• Avoid mood altering substances – in children this might be sugar, certain foods, electronic devices, anything that might overstimulate the child. This reminds me of an episode on Orange is the New Black when there is a flashback to Pensatucky when she is given soda before a behavioral assessment. Studies have also shown the impact of too much screen time close to bedtime, impacting sleep cycles.
    • Sleep is of major contributor to challenges with mood for children and adults, alike. Think back to your or your child’s most sleep deprived moments and what the behavior was like. My daughter goes from goofy, to delirious, to combative as the evening progresses. On a day when I’ve gotten enough sleep and a good meal, I might have the reserve to deal with it. When I’m tired too, it sounds like World War III in my house.
    • Exercise helps produce the feel-good chemicals in our brain. It also helps to tire us out so that we sleep better. For children with a surplus of energy, exercise will be crucial. Bonus: engage them in a team sport and there are so many benefits such as, following rules, sportsmanship, and structure.
  4. Specific Praise. Catch them while they’re complying throughout the day and praise the specific positive behavior. It lets them know that you’re paying attention, it helps you describe the specific positive behavior you like and want to continue seeing in them. Examples include, “thank you for listening right away”; “Thank you for helping me. You’re such a good helper.”; “Thank you for using gentle hands”; “I really like how you get in your carseat right away”; “Nice job eating all your fruit. You’re so healthy!”; “Great job sharing your toys. You’re such a good friend.” Labeled praise is a win-win skill. The parent feels good about praising the good and the child’s self esteem goes up knowing that they did something well.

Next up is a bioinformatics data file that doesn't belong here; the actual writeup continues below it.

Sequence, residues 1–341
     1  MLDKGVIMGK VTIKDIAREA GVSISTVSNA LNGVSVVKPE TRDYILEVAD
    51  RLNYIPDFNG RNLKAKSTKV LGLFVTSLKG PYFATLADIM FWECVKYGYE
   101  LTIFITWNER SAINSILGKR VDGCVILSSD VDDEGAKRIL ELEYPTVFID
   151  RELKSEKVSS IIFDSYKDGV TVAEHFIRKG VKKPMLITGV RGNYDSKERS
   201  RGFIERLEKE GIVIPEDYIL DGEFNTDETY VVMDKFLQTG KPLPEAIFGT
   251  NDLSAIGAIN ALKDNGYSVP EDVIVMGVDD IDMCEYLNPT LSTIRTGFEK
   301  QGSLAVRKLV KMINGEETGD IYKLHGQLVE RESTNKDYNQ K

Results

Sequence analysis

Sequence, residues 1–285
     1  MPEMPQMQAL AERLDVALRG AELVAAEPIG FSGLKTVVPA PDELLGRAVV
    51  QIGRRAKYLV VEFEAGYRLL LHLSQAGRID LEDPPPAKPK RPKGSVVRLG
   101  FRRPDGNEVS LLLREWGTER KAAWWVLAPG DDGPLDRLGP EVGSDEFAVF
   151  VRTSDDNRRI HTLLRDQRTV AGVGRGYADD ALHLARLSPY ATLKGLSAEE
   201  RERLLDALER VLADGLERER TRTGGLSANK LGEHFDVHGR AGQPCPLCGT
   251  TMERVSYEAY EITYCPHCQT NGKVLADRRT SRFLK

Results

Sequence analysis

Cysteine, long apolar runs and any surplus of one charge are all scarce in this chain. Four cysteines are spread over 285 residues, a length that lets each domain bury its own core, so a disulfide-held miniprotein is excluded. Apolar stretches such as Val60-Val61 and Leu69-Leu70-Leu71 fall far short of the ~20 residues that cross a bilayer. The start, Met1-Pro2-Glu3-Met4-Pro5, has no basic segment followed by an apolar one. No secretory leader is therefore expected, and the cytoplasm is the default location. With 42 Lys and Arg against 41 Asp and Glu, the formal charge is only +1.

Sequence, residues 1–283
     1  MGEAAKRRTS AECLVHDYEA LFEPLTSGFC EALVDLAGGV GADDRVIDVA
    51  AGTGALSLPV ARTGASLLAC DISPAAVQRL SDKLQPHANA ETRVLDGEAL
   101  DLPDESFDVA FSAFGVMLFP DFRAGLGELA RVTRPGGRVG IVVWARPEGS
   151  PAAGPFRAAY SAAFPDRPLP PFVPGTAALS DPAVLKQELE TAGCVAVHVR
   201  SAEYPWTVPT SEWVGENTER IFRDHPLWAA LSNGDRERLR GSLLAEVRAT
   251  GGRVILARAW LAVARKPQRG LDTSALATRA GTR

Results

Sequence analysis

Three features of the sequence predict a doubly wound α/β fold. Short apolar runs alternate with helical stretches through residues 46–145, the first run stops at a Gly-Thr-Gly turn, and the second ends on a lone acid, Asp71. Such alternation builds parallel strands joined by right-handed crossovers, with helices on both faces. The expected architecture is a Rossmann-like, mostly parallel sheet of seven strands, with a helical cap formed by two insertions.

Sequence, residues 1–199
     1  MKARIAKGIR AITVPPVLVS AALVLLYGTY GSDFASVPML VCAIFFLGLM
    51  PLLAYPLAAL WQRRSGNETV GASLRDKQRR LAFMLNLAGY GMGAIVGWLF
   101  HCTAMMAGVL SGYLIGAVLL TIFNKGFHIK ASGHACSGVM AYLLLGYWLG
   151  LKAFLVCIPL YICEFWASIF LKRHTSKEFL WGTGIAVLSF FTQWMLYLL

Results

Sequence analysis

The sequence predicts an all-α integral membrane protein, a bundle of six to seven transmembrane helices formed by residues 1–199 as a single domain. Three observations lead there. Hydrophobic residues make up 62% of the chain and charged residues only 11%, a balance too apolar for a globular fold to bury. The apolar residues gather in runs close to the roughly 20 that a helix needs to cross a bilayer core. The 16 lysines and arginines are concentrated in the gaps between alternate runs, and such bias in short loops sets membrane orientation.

5. Label and Validate Emotions.  The best way for children to understand what they’re feeling is for those around them to help them label their emotions. Otherwise, they grow up not knowing what they’re feeling and why. Help your children label their emotions by stating the obvious (to us), “You’re really mad that playtime is over,” “You’re really angry that you can’t have candy at 8pm,” or “You’re sad that mommy has to leave for work.” This shows your child that 1) you are paying attention, 2) you understand their emotion, 3) their emotion makes sense given the situation. Sometimes this is all that’s needed for them to feel heard and paradoxically, can calm them down since they won’t need to keep crying or engaging in the behavior to show you. Secret: This works for adults too!  If you notice that your child might be responding to a flashback or bad memory, you can validate and say, “you’re having memories of the [insert scary event] and you’re feeling scared. You’re safe right now.” (This also works for adults)
  6. Give specific instructions. Here it’s important to break tasks down for children and tell them exactly what you want to see them do. These are statements, not questions. For example, instead of “can you go get ready?” say, “please go put your shoes on.” You’re probably shaking your head because your first instruction is very calm, but when you get to the 7th time repeating it you’re reached the edge of your patience. Oh wait, is that just me? See the next strategy for this.
  7. Use When/Then Statements. This skill helps children know what you will hold them to. Catch here is that you need to be consistent so they can learn to know what to expect from you each time you say it. Examples can be: “When you finish the food on your plate, then you can have dessert;” “When you get all 4 stickers on your chart, then you can use the iPad for 10 minutes;” “When you get in the carseat, then I can put your favorite song on (Moana’s “You’re Welcome” – if you must know what ours is);” “When you get in the shower, then I can bring you the bath toys;” “When you finish your chores, then I’ll give you the wifi password (a favorite for the teens).